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End of The Year Musings

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Carol Bossard

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We’ve decorated, baked, caroled and the Season of Noel is approaching its end.  We do have until January 6th ---- 12th Night ---- before we must pack the shiny ornaments away and we head into true winter.  It has been two weeks of being together with friends and family, good church services and special music.  One of our remaining tasks would be sending out  Christmas cards.  We have more time now, to write notes.

New Year’s Eve is coming and it is, for many, a time of merriment and partying.  I somehow managed to escape the “coming of age” inebriation experience.  This wasn’t through any particular virtue of mine, although truthfully, I can’t comprehend why people would want to suffer again and again after once experiencing a hangover.  Simply, there was no alcohol in the house during my growing-up years, and a little glass of wine or a can of beer was never part of my culture.  Most of my friends didn’t drink either.    And after trying a sip or two in college, I realized very soon that I didn’t like the taste; fermentation tasted like something I’d throw away.  However, in a spirit of helpfulness, for those who indulge in a bit too much bubbly on New Year’s Eve, I offer this nutritional advice.  DO NOT drink coffee as a cure.  Two major effects of excessive alcohol consumption are dehydration and stomach irritation, which will also interfere with eating.  Coffee, which acts as a diuretic can cause more fluid loss and possibly more stomach upsets, thereby delaying recovery.  (This is also why, when urged to drink more liquids by one’s doctor, coffee doesn’t count!!)  Instead, you need to drink about a quart of fluid upon waking, and another quart over the next 24 hours.  Water and fruit juices are good choices.  Also, take a Vitamin B tablet.  And rest!  Hopefully, though, you won’t need this recipe as you leave 2022 behind and enter 2023.

Winter, with its varying moods, will be with us now until the spring Equinox in March, as well as several weeks thereafter. I view this as a sort of hibernation time --- why should bears have all the perks?  This thought from Serendipity Corner* concurs: “The winter is a friend if you make it one.  I look forward to the gray, quiet time for solitude, contemplation, leading long conversations with friends.  Colors are softer, sounds have more depth, the pace is gentler.  Instead of resentment at the lack of sun, snuggle into the gray velvet quilt and make yourself a cup of tea.”  I would, as an aside, disagree about the sun; anyone living in our region, needs a sunshine light; our brains need sunlight to function well, in addition to determined good cheer!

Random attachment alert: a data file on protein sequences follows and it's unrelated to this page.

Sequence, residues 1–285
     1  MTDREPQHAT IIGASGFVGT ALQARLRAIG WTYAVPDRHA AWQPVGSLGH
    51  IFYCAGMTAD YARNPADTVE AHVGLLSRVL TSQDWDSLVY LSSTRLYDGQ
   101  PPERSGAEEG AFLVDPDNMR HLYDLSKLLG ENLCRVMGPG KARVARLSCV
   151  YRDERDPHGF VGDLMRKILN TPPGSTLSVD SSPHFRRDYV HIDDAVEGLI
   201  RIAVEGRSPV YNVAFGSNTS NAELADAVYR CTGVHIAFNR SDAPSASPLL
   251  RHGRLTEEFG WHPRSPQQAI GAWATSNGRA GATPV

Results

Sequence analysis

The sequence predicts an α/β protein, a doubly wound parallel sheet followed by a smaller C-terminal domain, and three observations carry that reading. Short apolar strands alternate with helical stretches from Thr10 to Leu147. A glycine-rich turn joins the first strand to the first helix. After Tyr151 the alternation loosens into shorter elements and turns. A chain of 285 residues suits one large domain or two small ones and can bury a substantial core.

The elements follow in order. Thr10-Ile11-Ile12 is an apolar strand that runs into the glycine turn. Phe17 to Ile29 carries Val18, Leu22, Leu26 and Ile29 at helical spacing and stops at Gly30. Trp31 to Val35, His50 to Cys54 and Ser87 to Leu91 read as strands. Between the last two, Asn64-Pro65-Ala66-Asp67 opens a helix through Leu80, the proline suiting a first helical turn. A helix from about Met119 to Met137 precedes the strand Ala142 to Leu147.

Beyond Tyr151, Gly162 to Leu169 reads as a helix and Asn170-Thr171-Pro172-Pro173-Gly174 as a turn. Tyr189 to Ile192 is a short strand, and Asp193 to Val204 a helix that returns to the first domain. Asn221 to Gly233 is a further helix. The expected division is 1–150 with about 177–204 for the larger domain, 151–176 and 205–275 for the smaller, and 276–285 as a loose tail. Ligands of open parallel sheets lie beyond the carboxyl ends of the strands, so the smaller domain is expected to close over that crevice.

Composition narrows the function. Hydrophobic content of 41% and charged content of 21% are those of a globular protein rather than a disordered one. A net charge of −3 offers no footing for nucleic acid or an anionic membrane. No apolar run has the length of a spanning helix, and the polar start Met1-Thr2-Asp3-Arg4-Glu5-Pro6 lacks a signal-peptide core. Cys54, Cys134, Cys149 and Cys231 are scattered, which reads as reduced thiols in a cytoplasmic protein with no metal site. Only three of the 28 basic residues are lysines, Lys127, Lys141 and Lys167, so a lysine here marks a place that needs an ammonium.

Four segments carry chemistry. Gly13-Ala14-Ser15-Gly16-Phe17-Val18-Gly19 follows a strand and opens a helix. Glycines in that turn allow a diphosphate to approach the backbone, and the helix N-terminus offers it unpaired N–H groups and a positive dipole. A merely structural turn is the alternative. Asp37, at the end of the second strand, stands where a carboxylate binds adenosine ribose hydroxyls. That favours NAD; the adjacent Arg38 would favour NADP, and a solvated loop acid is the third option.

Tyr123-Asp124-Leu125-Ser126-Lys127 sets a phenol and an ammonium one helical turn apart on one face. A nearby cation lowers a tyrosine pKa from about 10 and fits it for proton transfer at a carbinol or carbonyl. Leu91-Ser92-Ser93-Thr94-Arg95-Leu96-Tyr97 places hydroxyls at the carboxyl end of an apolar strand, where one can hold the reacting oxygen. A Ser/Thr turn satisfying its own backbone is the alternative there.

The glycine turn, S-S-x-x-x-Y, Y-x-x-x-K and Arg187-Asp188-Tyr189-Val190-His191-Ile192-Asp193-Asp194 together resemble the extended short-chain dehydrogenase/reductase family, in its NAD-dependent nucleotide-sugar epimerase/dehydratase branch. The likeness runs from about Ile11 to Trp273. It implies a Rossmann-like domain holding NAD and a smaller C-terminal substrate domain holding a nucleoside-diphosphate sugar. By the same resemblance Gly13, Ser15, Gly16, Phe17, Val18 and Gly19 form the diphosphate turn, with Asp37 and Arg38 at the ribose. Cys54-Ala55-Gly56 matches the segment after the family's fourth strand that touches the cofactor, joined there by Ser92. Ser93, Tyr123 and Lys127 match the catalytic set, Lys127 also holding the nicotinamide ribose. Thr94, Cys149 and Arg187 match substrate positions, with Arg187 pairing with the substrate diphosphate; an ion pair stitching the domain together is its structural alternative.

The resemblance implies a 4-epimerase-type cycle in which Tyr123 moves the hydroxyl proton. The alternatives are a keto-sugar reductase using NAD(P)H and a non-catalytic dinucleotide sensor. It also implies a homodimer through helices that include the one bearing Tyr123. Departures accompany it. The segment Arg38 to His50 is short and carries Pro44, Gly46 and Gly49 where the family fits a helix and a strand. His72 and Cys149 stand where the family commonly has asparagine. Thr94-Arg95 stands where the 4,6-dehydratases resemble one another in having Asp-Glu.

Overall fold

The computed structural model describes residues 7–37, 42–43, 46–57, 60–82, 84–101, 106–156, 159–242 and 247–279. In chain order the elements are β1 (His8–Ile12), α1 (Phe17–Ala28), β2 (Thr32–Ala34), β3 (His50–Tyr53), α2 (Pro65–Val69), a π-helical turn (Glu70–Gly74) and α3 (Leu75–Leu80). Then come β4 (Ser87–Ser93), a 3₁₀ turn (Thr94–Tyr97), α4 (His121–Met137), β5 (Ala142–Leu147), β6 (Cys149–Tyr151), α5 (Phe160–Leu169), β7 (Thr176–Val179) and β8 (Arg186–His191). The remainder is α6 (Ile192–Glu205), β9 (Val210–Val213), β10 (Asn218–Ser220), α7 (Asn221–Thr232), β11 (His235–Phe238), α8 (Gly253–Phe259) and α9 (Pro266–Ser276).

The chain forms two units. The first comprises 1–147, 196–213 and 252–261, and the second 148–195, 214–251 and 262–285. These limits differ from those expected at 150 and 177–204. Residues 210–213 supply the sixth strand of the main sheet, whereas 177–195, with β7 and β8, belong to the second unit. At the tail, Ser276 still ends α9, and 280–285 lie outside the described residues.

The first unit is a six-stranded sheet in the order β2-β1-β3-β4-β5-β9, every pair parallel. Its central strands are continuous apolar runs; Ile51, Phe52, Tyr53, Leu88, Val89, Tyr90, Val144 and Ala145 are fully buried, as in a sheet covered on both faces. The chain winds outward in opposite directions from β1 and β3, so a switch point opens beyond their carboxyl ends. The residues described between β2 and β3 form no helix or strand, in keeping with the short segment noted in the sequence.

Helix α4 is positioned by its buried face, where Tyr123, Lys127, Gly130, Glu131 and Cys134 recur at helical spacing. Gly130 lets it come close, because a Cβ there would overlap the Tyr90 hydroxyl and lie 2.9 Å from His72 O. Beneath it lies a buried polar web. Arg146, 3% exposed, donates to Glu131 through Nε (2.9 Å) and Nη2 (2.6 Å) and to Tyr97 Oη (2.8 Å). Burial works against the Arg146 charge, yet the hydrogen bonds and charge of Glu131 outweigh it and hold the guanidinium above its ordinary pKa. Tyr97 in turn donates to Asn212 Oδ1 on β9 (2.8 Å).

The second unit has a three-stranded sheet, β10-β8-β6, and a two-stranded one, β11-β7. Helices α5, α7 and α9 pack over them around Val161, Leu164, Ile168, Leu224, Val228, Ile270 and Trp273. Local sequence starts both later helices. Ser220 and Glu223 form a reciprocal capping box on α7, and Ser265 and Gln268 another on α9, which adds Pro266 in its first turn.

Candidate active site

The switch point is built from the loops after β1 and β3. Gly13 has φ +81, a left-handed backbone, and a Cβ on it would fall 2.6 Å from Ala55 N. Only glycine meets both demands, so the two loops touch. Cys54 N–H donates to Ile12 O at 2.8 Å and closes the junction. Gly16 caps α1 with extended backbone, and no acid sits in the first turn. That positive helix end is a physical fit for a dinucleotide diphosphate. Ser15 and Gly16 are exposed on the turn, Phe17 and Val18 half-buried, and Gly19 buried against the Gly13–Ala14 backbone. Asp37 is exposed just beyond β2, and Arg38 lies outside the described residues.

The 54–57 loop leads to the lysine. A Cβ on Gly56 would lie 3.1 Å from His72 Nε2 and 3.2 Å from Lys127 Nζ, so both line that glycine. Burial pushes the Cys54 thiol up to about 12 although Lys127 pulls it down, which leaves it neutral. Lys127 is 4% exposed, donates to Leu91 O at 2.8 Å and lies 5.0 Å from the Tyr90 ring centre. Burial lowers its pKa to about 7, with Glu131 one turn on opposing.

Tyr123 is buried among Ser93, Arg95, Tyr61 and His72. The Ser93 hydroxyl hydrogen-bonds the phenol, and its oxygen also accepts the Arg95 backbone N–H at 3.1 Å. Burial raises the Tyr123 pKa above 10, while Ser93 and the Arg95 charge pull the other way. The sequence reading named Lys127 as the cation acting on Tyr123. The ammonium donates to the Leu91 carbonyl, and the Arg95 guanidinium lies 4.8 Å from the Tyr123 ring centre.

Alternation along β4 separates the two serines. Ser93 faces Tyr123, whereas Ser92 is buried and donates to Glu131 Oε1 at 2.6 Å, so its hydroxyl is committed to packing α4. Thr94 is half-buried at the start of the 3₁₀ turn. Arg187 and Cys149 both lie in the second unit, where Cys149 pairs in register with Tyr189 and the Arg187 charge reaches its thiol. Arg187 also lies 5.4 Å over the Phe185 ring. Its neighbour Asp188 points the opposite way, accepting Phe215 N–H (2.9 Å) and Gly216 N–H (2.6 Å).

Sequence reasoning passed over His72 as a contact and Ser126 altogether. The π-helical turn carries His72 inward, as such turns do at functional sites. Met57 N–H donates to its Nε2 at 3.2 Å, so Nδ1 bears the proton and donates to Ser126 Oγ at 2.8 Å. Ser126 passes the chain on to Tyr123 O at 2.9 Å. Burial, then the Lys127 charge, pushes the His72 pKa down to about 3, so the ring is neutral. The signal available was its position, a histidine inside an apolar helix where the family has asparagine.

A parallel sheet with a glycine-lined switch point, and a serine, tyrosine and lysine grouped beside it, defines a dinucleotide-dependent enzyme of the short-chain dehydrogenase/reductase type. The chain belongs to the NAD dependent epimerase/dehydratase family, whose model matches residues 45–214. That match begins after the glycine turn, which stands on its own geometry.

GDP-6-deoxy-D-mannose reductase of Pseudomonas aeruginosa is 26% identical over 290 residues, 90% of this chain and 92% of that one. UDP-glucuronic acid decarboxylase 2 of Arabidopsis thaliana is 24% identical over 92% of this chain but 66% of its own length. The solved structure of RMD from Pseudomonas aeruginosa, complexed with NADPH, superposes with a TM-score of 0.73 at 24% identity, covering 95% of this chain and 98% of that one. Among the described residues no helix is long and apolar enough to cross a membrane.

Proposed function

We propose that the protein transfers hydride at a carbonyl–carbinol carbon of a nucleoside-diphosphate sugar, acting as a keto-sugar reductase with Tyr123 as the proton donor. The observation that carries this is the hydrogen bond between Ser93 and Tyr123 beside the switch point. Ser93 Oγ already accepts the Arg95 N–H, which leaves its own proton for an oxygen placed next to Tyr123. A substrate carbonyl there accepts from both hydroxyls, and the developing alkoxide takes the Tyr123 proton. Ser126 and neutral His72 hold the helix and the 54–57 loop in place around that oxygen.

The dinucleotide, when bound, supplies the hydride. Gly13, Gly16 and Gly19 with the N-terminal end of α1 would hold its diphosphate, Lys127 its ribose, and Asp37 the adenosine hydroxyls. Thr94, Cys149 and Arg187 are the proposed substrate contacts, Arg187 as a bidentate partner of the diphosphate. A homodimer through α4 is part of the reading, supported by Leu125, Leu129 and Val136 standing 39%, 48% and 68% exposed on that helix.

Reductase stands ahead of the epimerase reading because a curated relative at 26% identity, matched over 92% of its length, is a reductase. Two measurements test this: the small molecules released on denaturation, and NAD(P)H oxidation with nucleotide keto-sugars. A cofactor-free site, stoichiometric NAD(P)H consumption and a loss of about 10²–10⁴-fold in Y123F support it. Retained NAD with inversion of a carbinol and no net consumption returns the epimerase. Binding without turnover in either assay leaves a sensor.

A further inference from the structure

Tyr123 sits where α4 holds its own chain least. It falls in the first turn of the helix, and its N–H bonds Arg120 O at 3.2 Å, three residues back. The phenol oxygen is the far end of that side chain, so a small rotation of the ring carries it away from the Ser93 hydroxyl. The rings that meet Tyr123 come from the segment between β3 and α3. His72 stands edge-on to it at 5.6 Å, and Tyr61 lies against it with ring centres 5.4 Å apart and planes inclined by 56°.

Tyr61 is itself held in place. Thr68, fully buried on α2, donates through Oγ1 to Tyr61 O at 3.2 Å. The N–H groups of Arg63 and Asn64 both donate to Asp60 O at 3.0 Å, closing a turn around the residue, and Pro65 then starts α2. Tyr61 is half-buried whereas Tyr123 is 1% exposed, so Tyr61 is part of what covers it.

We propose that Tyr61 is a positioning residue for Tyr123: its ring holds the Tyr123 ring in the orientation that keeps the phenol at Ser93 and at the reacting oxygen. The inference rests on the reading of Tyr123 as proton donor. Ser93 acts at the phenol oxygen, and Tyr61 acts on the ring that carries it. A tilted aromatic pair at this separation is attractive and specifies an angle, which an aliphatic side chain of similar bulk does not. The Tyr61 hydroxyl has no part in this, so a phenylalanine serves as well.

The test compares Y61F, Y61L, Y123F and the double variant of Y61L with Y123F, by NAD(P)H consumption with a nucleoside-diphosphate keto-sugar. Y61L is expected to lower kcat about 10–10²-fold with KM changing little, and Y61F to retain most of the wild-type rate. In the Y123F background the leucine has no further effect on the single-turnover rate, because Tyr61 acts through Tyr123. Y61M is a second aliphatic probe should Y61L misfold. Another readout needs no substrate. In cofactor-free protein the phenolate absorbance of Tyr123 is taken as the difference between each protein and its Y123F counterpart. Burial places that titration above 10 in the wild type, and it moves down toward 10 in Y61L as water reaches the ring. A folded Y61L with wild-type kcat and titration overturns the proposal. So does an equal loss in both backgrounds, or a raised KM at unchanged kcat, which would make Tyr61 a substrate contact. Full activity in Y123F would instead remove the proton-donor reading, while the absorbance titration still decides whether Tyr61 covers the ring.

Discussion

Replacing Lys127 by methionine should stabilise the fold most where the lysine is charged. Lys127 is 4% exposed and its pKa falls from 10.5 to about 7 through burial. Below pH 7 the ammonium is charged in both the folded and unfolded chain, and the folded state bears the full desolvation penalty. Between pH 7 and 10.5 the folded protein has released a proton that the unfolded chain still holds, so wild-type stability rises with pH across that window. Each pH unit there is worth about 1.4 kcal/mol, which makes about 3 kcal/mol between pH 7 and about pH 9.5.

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Kerm and I don’t cease our coming and going, but we cut down.  I find it soothing, to not always be getting ready for something.  I enjoy reading new books, and re-reading favorites.  Two of the books in which I indulge annually are: The Nocturnal Naturalist by Cathy Johnson** and Wandering Through Winter by Edwin Way Teale.***  It somehow makes my winter brighter to remind myself of what the creatures around us are doing.  According to bird experts, owls are currently mating and laying eggs.  Brr!  A frigid nursery for the owlets!  But isn’t it reassuring that owls are sure enough about spring coming to mate and lay eggs, despite chilly winds and falling snow?

We can soon open fresh calendars and maybe --- possibly ---- even decide to acquire a fresh point of view or two.  For many years I constructed a calendar “from scratch” for ourselves, then for our sons and then for sons and their families.  I’d buy a large drawing tablet and start laying out lines for days of the month.  Then I’d add pertinent stickers or hand-drawn sketches, and the dates of family birthdays and anniversaries.  I finished with a lovely picture for each month.  Arthritis in my hands has made this process difficult, so now I purchase a calendar that I think is appropriate and fill in the dates, along with a few fun stickers.  This isn’t as personally satisfying --- but happily, I don’t need hand therapy afterward.  I like calendars in spite of the current propensity for keeping dates in a phone.  I like seeing a picture that illustrates the kind of month we hope it will be --- and I like turning the pages when the months change.  I’m a visual person and storage of my daily life in a mechanical device just doesn’t do it for me!